Prosecutions and court procedure

This chapter covers the grounds for and notification of prosecutions and how to deal with one. It also contains a summary of fixed penalty offences, fines and disqualifications and a list of codes and offences.

Updates for 2024:

  • Update to 'grounds for prosecution - use'.

  • Update to 'interviews with enforcement authorities'.

  • Update to 'mobile phones'.

  • Update to 'careless driving'.

  • Update to 'fines'.

Download the prosecutions and court procedure chapter of the Yearbook of Road Transport Law


  • Grounds for prosecution.
  • Notification of prosecution.
  • Seven point guide to dealing with prosecutions.
  • Pleading guilty in writing.
  • Appearing in court.
  • Partnership and sole traders.
  • Photographic evidence.
  • Mobile phones.
  • Drinking and driving.
  • Change to drug driving offences.
  • Careless driving.
  • Fixed penalty notices (FPNs).
  • Penalty charge notices (PCNs).
  • Fixed penalty process.
  • Deposit scheme.
  • Fines.
  • Endorsement and disqualification.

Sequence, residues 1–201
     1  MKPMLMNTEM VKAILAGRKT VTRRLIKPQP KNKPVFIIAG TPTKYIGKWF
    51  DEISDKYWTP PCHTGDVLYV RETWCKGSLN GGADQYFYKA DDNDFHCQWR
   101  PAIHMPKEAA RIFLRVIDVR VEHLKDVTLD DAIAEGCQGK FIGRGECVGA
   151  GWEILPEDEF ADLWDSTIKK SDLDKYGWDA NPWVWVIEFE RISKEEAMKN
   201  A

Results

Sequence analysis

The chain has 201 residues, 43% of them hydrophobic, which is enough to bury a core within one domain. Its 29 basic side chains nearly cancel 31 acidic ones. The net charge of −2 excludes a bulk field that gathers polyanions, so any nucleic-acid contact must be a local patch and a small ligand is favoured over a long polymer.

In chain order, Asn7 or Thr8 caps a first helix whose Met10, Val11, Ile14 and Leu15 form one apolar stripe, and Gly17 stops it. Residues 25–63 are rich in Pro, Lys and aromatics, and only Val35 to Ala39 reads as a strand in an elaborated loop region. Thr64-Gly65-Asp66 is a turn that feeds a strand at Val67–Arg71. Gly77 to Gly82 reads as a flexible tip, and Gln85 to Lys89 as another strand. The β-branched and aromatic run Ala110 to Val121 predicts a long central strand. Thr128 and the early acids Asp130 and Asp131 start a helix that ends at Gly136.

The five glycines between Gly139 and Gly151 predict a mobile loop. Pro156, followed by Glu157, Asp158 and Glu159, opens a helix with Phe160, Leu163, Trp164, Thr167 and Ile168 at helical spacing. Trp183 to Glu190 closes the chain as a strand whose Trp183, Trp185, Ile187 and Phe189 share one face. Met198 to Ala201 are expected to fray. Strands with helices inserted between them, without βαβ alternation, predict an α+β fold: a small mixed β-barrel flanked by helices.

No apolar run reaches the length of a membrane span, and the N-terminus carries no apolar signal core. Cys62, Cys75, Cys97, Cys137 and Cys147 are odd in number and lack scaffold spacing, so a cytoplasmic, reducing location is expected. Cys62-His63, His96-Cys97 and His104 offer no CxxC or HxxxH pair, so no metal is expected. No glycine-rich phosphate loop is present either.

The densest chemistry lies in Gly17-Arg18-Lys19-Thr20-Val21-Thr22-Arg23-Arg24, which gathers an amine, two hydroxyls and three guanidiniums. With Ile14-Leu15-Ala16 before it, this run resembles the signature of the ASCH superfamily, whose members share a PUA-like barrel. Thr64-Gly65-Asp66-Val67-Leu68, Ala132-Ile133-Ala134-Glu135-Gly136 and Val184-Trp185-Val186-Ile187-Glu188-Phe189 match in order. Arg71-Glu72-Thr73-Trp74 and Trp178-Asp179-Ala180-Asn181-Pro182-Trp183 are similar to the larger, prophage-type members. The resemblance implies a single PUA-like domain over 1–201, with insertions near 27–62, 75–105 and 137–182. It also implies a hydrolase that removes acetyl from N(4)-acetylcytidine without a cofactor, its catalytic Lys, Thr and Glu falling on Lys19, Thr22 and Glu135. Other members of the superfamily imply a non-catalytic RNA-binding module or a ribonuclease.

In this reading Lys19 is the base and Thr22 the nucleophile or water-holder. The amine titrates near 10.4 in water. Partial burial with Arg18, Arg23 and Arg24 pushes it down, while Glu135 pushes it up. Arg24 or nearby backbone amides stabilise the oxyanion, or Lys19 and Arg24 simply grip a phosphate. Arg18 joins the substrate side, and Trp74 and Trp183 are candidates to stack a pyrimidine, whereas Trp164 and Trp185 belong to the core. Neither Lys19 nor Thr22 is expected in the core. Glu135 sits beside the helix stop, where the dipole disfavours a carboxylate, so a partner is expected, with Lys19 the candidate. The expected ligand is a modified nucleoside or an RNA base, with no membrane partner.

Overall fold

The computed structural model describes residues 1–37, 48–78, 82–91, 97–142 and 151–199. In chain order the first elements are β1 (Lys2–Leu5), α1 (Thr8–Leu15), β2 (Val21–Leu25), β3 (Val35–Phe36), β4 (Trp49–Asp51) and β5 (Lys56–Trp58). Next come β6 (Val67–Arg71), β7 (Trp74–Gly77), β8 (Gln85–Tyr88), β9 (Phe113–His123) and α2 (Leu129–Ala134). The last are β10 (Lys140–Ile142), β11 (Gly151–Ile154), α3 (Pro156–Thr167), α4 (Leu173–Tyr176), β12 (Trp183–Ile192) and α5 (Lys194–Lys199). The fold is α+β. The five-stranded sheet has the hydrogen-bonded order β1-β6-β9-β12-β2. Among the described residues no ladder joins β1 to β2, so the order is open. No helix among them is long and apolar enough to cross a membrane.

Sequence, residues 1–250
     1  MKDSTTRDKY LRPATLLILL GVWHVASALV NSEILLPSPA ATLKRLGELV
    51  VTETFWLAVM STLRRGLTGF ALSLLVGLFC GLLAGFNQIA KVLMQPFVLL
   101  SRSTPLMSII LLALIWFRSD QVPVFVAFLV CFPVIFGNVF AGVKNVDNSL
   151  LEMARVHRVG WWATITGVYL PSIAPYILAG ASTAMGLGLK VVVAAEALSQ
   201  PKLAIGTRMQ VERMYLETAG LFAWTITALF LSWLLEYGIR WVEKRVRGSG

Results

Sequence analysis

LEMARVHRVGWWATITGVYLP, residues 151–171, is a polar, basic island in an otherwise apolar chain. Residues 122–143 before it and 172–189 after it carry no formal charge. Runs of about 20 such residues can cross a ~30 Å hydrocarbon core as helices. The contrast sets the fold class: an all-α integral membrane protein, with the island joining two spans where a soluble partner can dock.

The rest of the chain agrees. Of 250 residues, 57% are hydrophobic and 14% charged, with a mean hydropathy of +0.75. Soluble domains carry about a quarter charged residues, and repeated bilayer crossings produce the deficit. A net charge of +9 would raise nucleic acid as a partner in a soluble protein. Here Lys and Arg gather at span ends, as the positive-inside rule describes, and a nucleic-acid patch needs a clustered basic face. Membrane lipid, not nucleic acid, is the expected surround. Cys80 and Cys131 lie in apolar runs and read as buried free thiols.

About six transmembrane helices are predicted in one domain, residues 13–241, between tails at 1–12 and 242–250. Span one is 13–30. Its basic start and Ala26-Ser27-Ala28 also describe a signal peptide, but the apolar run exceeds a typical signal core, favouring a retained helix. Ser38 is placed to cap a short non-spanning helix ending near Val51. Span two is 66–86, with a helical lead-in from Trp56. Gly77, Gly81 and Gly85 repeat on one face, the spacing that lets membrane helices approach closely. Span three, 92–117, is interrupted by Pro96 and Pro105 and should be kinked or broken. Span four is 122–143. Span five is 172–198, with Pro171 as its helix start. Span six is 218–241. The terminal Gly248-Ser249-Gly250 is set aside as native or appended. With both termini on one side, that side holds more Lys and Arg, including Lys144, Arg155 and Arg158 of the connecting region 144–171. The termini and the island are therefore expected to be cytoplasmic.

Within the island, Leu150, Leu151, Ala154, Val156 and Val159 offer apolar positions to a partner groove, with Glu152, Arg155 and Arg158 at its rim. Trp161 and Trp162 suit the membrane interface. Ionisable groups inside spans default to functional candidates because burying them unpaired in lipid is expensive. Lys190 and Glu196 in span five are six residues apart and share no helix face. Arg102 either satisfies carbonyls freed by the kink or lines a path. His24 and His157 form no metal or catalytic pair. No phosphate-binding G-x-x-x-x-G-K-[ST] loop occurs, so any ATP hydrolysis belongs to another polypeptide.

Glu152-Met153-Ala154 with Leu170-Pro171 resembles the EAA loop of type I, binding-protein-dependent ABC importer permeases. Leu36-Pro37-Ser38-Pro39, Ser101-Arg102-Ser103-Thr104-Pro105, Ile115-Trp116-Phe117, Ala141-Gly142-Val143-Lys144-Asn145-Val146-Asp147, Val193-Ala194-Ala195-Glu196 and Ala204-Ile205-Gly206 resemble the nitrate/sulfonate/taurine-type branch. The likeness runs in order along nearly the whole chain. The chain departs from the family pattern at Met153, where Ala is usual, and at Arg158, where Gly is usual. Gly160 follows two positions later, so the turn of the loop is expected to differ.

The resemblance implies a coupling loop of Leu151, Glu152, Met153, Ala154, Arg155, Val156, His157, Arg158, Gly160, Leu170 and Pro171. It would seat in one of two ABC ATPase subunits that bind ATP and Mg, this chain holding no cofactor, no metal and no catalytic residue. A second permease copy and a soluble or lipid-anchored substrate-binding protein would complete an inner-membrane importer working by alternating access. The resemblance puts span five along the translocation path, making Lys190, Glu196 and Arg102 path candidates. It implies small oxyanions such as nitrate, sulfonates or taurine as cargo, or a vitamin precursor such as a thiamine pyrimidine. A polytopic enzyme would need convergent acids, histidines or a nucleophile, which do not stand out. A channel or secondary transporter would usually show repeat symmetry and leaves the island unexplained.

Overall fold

• Schedule of offences and endorsement codes.
  • Aiding, abetting, counselling or procuring.
  • Causing or permitting offences.
  • Inciting offences.

Download the prosecutions and court procedure chapter of the Yearbook of Road Transport Law

Court Summons and Breach of Various Rules

A summons for a road traffic offence will generally contain the allegation that the accused either used, caused, permitted or, more rarely, aided and abetted the use of a vehicle in an illegal way. If a summons is issued it should always be checked to ensure the wording corresponds with the facts of the case and that the defendant has been correctly identified.

Some areas of legislation impose ‘absolute’ or ‘strict’ liability for the breach of various rules. This means liability can arise without fault. Therefore, it is often irrelevant whether the accused intended to commit the offence or was negligent. It is often sufficient for the evidence to show that the prohibited act or omission had occurred.

Commonly encountered examples of strict liability offences include speeding, overloading and the minimum legal requirements for insurance. However, other offences, such as careless and dangerous driving, are more complex when determining guilt.